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Difference Between Foreign Policy and Domestic Policy

Difference Between Foreign Policy and Domestic Policy

The difference between foreign and domestic policy may appear clear and simple; however, drawing a line that neatly separates the two can be rather complicated. In fact, in the complex world of politics everything seems to be strictly linked and correlated to the point that almost every action taken in the realm of foreign policy has an echo in the domestic sphere and vice versa.

However, from a theoretical perspective, we can identify a number of differences between the two.

The term “foreign policy” encompasses all actions made by a country in the international context with regard to other States or to international institutions. Such actions include

  • Ratifying international (bilateral or multilateral) treaties or conventions;
  • Adhering to international law (which includes international human rights law, international humanitarian law, etc.);
  • Getting involved in international multilateral bodies such as the United Nations;
  • Complying with the regulations set out in international treaties and conventions;
  • Providing foreign aid to other countries;
  • Sending peacekeepers to missions coordinated by international institutions;
  • Funding international mechanisms;
  • Advocating for the creation of international institutions;
  • Funding and supporting international governmental and nongovernmental organizations;
  • Undertaking diplomatic efforts and actions;
  • Creating alliances and ties with other countries;
  • Providing military, structural, and financial support to other countries;
  • Providing military, structural, and financial support to non-state actors;
  • Outsourcing state-owned corporations;
  • Intervening in international and national conflicts; and
  • Supporting countries (or areas) affected by natural disasters.

Conversely, the term “domestic policy” refers to all actions and decisions related to issues concerning the domestic sphere of a country, including business, the environment, health care, education, taxes, energy, social welfare, collective and individual rights, law enforcement, housing, immigration, military, religion, and the economy.

In democratic countries, whenever a candidate runs for office (President, Prime Minister, etc.), he/she must include programs concerning both foreign and domestic policies in his/her campaign. For instance, during the recent 2016 US Presidential campaigns, we saw Donald Trump and Hillary Clinton expose their foreign and domestic agendas. They tackled topics related to the role of the United States in Syria, the fight against terrorism, taxes, the replacement (or improvement) of Obamacare, and many other topics.

Winning an elections—any regular election—is a matter of combining good domestic and foreign policies in order to gain the trust and the support of the masses.


Indeed, the main difference between foreign and domestic policy is their area of concern (inside or outside the country). However, the two also differ in terms of their interests, external factors, public pressure, whether they are proactive or reactive, and their level of security.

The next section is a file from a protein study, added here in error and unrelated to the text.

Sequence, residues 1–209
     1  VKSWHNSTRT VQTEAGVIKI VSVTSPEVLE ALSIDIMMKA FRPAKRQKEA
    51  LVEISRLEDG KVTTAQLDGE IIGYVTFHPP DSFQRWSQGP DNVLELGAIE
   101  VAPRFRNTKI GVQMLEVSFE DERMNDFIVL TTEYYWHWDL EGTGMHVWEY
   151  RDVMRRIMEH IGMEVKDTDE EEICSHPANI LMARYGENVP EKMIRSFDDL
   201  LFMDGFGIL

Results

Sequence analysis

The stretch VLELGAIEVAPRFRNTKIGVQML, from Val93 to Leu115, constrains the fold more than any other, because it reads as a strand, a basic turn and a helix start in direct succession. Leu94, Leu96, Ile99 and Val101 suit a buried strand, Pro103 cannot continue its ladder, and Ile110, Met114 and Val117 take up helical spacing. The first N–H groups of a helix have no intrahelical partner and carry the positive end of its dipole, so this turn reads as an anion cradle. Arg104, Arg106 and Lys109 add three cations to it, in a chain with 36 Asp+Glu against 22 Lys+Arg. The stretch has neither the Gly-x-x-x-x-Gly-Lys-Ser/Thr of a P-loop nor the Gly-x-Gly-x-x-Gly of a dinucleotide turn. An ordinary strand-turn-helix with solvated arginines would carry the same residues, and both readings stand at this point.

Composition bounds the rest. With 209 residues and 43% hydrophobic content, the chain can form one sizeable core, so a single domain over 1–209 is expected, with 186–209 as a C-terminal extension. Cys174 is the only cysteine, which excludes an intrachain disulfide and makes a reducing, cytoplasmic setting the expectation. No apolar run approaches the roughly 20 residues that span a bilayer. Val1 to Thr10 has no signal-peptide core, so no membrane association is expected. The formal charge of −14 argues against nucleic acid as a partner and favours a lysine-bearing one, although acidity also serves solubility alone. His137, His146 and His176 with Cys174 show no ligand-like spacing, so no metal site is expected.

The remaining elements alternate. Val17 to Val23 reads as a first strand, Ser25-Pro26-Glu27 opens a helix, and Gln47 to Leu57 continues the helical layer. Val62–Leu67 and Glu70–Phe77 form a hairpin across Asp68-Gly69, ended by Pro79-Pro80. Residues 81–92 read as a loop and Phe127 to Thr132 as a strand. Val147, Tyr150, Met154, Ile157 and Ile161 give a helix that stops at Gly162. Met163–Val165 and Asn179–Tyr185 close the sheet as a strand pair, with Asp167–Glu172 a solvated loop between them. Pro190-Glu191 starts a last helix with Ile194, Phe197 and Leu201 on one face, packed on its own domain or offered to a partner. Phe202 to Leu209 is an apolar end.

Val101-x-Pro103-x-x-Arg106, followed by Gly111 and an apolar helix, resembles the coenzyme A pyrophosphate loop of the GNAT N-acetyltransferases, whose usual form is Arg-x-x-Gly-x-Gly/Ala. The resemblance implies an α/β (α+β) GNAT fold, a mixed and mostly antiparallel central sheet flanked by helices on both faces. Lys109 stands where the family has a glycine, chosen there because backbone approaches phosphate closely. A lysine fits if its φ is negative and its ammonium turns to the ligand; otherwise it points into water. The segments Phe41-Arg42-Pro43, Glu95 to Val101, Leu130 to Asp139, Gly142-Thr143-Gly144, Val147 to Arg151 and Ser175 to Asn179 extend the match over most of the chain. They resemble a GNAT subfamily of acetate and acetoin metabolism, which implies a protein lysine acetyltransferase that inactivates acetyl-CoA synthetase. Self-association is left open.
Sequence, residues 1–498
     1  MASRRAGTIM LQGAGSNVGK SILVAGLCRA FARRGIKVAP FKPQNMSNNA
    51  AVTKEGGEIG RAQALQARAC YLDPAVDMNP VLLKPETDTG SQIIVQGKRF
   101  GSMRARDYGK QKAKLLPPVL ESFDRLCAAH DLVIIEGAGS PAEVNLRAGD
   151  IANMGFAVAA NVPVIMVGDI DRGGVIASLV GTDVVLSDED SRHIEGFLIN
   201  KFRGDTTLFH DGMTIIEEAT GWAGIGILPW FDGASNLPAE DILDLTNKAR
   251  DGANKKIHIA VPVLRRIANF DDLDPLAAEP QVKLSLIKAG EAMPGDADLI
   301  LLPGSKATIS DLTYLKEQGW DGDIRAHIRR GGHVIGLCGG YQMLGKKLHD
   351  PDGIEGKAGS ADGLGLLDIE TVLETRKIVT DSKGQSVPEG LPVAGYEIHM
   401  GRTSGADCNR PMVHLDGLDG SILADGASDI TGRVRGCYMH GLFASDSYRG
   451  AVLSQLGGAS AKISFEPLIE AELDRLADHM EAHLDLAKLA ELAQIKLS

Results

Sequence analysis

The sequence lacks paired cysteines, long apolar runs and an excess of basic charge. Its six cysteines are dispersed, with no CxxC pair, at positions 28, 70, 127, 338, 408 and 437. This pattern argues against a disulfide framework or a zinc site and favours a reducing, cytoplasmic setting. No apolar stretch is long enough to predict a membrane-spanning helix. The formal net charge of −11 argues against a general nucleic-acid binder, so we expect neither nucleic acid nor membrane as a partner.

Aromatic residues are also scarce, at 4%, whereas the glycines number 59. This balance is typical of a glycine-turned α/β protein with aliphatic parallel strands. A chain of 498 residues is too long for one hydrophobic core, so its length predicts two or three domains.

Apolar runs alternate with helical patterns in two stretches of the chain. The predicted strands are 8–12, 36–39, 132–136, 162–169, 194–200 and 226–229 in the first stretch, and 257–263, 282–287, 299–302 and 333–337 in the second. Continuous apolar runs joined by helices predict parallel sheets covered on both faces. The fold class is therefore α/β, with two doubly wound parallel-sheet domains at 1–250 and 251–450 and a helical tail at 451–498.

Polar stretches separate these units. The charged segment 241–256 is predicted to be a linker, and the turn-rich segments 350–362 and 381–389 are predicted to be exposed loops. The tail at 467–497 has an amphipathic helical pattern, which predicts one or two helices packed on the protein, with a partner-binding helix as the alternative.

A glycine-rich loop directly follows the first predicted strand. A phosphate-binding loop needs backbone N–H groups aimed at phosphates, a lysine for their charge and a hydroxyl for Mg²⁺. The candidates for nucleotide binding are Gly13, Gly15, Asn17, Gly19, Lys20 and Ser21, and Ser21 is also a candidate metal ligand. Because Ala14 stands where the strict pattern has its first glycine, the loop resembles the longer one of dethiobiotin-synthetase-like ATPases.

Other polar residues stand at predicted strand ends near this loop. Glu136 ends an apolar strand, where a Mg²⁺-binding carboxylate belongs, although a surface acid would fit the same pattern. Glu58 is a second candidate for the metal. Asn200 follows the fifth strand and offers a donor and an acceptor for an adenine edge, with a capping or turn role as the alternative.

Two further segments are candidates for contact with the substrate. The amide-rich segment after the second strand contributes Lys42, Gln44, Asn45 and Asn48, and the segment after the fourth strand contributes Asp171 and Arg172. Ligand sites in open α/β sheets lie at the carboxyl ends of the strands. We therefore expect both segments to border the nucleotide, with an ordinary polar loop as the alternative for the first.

Interests. Whenever we talk about foreign policy , we need to keep in mind that the number of stakeholders and actors involved is incredibly high, much higher than in the case of domestic policy. In fact, international relations are built on a fragile net of personal and diplomatic relationships that need to be carefully cultivated and shielded. The thick interlinkages between countries deeply affect the decision-making process at the international level.

Therefore, making smart choices in the realm of foreign policy means balancing the interests of all possible stakeholders involved. For instance, while larger involvement in Syria by the US may have a positive impact in the fight against ISIS, a stronger American presence in the area could intensify the tensions with the Russian counterpart. In the same way, stronger economic ties between China and Russia could jeopardize the leading economic role of the United States on a global scale.

On the contrary, at the domestic level, the number of stakeholders is considerably lower. Indeed, the leading party and the President (or Prime Minister) in office need to respect the promises made during the electoral campaign to preserve the support of the population. Yet, while they need to worry about the opposition, they are relatively free to operate within the country’s borders.

External factors. When the President drafts a new law or makes decisions concerning the country, he/she does so (or should do so) with the country’s best interest in mind. Conversely, when the head of the nation makes foreign policy decisions, he/she needs to anticipate the moves and the interests of other countries. Failing to take into account all external factors can have dramatic consequences and provoke enormous losses.